Dynamics of medium-intensity dense water plumes in the Arkona Basin, Western Baltic Sea
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In this study, the dynamics of medium-intensity inflow events over Drogden Sill into the Arkona Sea are investigated. Idealised model simulations carried out with the General Estuarine Transport Model suggest that most of the salt transport during such inflow events occur north of Kriegers Flak, a shoal with less than 20 m water depth surrounded by water depths of more than 40 m. This assumption about the pathway is supported by recent ship-based observations in the Arkona Sea during a medium-intensity inflow event. The propagation of a saline bottom plume could be observed during several days after having passed Drogden Sill. In the area north of Kriegers Flak the plume was about 10 m thick, and propagated with more than 0.5 m s−1 and a salinity of up to 20 psu (with ambient water salinity being 8 psu) eastwards. Although the model simulations were idealised, the structural agreement between the observation and model result was good. The structure and pathways of these medium-intensity inflow events are of specific interest due to the plans for erecting extensive offshore wind farms in the Arkona Sea which may under certain circumstances lead to increased entrainment of ambient water into the bottom plumes.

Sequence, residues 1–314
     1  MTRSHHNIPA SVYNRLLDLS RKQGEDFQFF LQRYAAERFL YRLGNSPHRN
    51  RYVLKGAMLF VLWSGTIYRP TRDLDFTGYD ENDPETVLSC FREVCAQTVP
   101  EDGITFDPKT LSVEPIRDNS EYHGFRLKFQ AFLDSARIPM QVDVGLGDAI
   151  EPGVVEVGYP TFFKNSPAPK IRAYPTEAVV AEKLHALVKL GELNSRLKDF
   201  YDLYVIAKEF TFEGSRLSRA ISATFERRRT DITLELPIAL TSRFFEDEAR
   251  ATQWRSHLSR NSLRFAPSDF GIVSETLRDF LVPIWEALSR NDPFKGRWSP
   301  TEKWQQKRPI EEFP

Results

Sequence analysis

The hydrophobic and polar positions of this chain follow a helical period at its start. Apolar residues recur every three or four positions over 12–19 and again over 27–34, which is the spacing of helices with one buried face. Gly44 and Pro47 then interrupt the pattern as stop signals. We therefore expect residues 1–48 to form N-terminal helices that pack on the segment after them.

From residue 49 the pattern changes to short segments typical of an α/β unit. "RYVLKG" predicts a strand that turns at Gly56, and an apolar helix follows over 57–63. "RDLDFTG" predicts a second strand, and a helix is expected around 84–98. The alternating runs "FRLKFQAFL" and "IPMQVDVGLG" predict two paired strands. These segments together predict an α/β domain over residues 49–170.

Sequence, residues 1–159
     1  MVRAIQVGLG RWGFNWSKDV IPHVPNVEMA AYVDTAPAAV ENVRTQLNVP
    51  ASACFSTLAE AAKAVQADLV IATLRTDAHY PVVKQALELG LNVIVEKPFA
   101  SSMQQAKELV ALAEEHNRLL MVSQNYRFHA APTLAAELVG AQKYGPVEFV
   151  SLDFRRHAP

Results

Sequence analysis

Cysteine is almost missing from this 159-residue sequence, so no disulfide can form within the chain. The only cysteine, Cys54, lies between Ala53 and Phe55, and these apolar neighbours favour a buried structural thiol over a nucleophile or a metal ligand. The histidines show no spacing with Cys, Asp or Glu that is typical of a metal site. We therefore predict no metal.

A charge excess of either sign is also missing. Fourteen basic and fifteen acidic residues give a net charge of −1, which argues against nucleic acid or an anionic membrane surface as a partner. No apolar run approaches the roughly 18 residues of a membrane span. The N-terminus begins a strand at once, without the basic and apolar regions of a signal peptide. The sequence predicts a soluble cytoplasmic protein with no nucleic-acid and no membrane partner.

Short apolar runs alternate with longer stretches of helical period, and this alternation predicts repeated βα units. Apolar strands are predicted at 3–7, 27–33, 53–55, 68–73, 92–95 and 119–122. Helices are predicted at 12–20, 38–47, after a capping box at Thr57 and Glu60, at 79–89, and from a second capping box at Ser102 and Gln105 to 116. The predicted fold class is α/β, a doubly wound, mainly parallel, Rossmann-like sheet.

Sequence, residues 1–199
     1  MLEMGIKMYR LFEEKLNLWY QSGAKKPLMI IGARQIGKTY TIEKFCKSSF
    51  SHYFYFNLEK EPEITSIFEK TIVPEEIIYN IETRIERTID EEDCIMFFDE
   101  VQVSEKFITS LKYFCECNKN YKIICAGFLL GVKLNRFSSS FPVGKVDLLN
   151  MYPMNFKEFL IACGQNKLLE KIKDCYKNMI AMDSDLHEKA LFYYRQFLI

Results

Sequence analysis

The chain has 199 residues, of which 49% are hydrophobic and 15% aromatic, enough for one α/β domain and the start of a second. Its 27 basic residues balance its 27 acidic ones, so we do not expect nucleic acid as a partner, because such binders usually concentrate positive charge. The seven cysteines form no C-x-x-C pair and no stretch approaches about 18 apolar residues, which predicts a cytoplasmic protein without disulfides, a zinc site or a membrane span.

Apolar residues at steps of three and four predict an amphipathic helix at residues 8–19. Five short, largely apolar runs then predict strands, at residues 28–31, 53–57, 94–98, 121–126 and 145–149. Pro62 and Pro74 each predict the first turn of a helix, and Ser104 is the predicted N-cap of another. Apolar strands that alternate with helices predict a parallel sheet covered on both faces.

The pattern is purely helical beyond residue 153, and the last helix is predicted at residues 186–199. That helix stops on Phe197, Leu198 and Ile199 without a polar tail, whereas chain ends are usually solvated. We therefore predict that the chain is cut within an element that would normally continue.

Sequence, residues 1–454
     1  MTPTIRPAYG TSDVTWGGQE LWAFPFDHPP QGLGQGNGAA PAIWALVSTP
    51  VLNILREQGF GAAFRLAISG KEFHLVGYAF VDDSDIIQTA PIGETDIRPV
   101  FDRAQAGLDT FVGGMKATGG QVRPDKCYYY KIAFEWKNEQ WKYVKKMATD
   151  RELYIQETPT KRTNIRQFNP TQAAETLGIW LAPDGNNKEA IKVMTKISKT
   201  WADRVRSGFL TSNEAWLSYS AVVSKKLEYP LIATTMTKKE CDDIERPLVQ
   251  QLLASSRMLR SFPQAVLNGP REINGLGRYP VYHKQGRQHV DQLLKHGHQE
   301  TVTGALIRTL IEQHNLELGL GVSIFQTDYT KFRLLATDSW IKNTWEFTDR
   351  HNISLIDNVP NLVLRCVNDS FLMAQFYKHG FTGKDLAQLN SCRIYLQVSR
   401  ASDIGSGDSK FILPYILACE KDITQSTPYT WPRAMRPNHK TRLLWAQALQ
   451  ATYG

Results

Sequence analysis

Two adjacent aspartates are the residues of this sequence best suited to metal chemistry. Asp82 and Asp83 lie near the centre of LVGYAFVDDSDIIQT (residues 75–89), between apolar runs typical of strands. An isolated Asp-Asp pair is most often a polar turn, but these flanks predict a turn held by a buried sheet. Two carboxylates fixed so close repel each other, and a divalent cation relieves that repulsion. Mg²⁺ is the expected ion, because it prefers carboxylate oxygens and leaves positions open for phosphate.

KeywordsBottom plumes Entrainment Turbulent mixing Baltic Sea
The work for this study was carried out in the framework of the international QuantAS Consortium (Quantification of water mass transformation processes in the Arkona Sea), which is partially funded by the QuantAS-Off project (QuantAS—Impact of Offshore Wind Farms) by the German Federal Ministry of Environment, Nature Conservation and Nuclear Safety (BMU). We are further grateful for the support and flexibility of the crew on board of the R/V Helmsand without which the observations presented here could not have been obtained. The Royal Danish Administration of Navigation and Hydrography made the current velocity observations on Drogden Sill available. The sea level data were obtained from the Swedish Meteorological and Hydrological Institute. All two-dimensional graphics in this paper have been generated with the Generic Mapping Tool (GMT), and we are grateful to the specific support given by Paul Wessel, Hawaii. We are further grateful for the constructive comments by two anonymous reviewers.
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